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Children coping with cancer usually need pain management. Your child’s health care provider will assess your child’s pain and prescribe pain medication as needed. But you are the expert on your child. Your input is important to help the team understand how your child is feeling. Be sure to alert your child’s health care team if you notice any signs of pain in your child. Also, keep in mind that pain should be treated promptly. This is because the stress of untreated pain can cause more health problems.
Pain from tumor. A tumor can cause pain in the area of the body where it is located. A tumor that’s growing can also cause pain. The pain can be deep and constant.
Pain due to treatment. Chemotherapy, radiation therapy, and surgery can cause pain. For instance, chemotherapy can cause painful side effects, such as mouth sores.
Children express pain differently than adults. So a special scale may be used to help your child describe his or her pain. The scale may have facial expressions or numbers. Changes in your child’s physical and emotional behavior are also clues of your child’s pain level.
There are many different pain medications. The type your child receives depends on the cause of his or her pain and the results of the pain assessment. Your child’s age and health history are also factors. Keep in mind that a medication can have different names. So ask your health care team if you don’t recognize the name of a medication that’s given to your child and you want to know more. Some types of pain medications include:
Opioids to reduce moderate to severe pain. These medications are also called narcotics, and are prescribed by the doctor only.
Anticonvulsants or antidepressants to manage nerve-related pain. While these medications are most often used to treat seizures and depression, they can also calm nerves to ease pain.
Over-the-counter (OTC) medications to reduce mild to moderate pain and fever. Note: Do NOT give your child OTC medications, such as aspirin, ibuprofen, or acetaminophen (Tylenol), unless you are told to do so by your child’s health care provider. These medications can mask a fever, which is an important sign that there is a problem with your child’s health. They can also make it harder for the blood to clot. This raises your child’s risk of bleeding.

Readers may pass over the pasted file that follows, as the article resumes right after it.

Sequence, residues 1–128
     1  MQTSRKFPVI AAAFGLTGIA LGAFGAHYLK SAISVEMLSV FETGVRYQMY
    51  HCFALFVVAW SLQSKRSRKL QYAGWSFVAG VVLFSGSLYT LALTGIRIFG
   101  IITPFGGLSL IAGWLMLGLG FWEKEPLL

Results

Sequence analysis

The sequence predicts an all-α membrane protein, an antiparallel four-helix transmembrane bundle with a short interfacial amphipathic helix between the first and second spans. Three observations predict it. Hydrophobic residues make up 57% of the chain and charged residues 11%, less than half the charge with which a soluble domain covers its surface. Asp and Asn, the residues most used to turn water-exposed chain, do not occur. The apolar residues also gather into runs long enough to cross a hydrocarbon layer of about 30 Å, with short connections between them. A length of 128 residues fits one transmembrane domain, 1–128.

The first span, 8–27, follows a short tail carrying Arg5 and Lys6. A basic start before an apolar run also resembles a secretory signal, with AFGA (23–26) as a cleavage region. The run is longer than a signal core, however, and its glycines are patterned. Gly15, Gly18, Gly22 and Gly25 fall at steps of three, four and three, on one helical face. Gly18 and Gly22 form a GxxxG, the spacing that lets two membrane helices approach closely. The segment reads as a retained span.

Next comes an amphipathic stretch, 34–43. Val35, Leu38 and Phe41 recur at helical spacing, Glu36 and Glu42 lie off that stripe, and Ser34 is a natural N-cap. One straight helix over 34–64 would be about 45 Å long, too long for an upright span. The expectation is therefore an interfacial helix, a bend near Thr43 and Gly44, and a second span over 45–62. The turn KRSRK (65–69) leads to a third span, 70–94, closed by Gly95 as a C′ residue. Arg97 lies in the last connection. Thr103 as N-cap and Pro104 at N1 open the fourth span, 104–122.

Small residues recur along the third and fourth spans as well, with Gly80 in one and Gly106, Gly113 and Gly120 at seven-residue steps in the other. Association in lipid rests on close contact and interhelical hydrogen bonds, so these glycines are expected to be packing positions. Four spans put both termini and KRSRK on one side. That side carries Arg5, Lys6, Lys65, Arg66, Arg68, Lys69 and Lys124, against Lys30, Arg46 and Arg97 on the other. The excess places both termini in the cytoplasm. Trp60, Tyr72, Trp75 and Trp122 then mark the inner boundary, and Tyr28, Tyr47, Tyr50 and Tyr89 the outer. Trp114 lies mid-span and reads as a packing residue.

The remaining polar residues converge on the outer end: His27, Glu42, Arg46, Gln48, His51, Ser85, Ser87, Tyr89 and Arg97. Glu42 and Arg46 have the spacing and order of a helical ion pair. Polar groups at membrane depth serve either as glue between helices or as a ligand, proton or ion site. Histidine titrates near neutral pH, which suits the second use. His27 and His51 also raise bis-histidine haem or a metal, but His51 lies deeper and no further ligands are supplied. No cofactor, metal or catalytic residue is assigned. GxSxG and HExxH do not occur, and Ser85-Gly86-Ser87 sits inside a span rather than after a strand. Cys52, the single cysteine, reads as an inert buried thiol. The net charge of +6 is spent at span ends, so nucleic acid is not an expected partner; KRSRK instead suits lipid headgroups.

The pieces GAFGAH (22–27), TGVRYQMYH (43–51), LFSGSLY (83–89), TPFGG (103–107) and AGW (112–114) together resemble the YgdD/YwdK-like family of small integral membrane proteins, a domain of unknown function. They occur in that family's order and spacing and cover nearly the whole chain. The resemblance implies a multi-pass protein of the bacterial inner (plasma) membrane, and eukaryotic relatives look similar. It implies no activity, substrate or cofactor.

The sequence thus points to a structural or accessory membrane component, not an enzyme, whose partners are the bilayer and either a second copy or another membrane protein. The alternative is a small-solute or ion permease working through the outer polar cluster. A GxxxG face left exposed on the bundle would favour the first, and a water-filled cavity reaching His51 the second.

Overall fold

Pills or liquid. These are taken by mouth.
Transdermal patch. This is placed on the skin. It gives pain medication through the skin where it is absorbed into the body.
Intravenous (IV) delivery. An IV (small tube) is inserted into a vein in the body to deliver pain medications.
PCA (patient-controlled analgesia) pump. A PCA pump uses an IV to deliver medications. Your child can press a button and get more medication when he or she needs it. The medication makes your child sleepy. This helps relieve pain and protects your child from getting too much medication. Note: To protect your child from getting an overdose, no one other than your child should press the button for medication.
Regional anesthesia. This is pain medication that blocks pain in 1 section of the body. For instance, an epidural or spinal may be given to numb from the waist down.
Pain medication may cause side effects. These usually go away when your child stops taking the medications. Side effects can include:
Constipation (child has trouble releasing stool)
Urinary retention (child can’t pass urine out of the body)
Nausea and vomiting
Euphoria (child feels extreme happiness for a short time)
Hallucination (child sees things that aren’t there)
Allergic reaction (child’s body has a bad reaction to the pain medications)